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Dr Oliver, Hunter & Gozzelino Good Also known as The Strand Medical Centre

Inspection Summary


Overall summary & rating

Good

Updated 19 February 2015

Letter from the Chief Inspector of General Practice

This is the report from our inspection of Dr Morris, Oliver, Ferguson & Gozzelino at the location the Strand Medical Centre which is registered with the Care Quality Commission to provide primary care services.

We undertook a planned, comprehensive inspection on the 11 November 2014 at the Strand Medical Centre. We reviewed information we held about the services including patients’ comments and spoke with GPs, staff and patients.

Dr Morris, Oliver, Ferguson & Gozzelino are rated as good overall.

Our key findings were as follows:

  • The premises were clean and tidy. Systems were in place to ensure medication including vaccines were appropriately stored and in date.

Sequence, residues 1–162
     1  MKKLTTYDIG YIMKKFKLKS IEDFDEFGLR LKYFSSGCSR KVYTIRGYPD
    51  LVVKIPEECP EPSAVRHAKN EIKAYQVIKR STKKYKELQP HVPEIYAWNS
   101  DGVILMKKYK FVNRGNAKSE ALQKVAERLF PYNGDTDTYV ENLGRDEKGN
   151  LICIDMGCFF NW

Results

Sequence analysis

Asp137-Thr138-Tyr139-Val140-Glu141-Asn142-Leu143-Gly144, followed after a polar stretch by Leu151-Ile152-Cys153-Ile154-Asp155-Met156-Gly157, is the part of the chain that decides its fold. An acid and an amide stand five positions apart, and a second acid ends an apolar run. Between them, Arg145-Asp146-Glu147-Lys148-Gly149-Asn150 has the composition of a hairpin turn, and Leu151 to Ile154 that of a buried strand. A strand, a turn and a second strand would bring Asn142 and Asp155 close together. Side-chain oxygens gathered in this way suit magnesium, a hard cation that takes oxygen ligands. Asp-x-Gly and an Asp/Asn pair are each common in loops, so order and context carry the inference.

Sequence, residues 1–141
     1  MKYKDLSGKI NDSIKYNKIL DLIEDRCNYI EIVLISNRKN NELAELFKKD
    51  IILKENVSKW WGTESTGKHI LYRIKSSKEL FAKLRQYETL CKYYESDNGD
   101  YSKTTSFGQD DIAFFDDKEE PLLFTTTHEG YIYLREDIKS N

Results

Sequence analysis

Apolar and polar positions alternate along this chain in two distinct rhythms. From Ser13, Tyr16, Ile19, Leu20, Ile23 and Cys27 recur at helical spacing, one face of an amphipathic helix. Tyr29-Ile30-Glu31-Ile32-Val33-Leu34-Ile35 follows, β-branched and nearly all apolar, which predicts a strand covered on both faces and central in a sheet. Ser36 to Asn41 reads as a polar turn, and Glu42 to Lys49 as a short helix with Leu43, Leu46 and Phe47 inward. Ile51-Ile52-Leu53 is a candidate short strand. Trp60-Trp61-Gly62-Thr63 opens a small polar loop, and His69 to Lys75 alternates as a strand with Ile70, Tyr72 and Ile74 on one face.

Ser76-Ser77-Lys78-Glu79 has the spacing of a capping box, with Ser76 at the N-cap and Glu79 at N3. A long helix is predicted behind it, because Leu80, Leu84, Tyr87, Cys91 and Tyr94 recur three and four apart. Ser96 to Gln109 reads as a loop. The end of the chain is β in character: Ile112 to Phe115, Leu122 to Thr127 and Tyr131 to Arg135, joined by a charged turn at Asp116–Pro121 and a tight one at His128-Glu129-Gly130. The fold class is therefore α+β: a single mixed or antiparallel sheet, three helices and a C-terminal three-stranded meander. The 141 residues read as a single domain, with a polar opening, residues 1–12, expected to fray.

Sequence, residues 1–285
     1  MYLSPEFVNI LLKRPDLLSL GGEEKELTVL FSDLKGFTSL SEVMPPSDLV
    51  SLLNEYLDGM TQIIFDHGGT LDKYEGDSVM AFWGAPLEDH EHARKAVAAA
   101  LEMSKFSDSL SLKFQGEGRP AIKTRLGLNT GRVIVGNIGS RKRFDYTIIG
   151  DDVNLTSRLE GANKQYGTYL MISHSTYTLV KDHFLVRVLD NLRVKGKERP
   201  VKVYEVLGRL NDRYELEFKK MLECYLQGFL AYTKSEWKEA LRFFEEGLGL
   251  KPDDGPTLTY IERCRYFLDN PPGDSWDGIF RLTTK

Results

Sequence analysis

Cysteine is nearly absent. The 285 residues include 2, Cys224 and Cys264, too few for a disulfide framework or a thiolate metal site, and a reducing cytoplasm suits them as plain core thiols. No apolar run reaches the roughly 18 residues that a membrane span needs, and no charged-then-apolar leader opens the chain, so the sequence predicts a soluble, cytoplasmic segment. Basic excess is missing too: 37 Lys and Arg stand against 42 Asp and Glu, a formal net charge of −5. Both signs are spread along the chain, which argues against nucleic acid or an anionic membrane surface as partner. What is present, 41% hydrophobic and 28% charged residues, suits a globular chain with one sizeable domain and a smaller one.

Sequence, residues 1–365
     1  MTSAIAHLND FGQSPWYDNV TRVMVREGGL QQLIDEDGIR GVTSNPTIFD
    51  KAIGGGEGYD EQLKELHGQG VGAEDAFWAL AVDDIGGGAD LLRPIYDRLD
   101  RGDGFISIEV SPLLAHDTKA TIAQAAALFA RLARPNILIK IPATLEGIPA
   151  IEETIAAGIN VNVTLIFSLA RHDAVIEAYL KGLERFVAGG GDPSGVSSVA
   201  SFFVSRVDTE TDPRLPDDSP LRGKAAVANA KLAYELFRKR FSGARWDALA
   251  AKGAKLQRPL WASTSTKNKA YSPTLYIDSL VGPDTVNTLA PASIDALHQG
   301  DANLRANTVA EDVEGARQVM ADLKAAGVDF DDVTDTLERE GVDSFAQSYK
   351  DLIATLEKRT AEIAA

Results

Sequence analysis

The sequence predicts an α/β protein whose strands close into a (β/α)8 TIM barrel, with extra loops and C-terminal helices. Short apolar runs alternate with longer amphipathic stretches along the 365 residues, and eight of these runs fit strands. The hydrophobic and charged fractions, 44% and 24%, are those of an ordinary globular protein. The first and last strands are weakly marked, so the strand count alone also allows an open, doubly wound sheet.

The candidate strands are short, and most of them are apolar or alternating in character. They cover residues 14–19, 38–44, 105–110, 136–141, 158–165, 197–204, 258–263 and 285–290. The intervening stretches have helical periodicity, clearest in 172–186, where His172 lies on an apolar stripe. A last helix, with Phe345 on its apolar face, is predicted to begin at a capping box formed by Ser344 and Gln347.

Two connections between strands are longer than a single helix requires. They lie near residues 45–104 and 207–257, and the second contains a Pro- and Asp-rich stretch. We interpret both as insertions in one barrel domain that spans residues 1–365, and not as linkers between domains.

• The practice was effective. Patients had their needs assessed in line with current guidance and the practice promoted health education to empower patients to live healthier lives.

  • The practice was caring. Feedback from patients and observations throughout our inspection highlighted that the staff were kind, caring and helpful. Patients we spoke with felt involved in treatment decisions.

  • The practice was responsive and acted on patient complaints and feedback.

  • The staff worked exceptionally well together as a team.

However, there were also areas of the practice where the provider could make improvements.